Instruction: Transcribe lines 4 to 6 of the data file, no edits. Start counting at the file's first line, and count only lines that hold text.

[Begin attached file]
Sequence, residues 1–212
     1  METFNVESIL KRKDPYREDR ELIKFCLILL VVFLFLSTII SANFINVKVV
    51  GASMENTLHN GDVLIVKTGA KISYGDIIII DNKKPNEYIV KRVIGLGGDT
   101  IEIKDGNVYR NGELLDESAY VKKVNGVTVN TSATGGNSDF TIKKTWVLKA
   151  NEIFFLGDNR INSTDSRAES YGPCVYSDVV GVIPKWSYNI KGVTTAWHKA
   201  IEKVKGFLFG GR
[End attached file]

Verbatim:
   101  IEIKDGNVYR NGELLDESAY VKKVNGVTVN TSATGGNSDF TIKKTWVLKA
   151  NEIFFLGDNR INSTDSRAES YGPCVYSDVV GVIPKWSYNI KGVTTAWHKA
   201  IEKVKGFLFG GR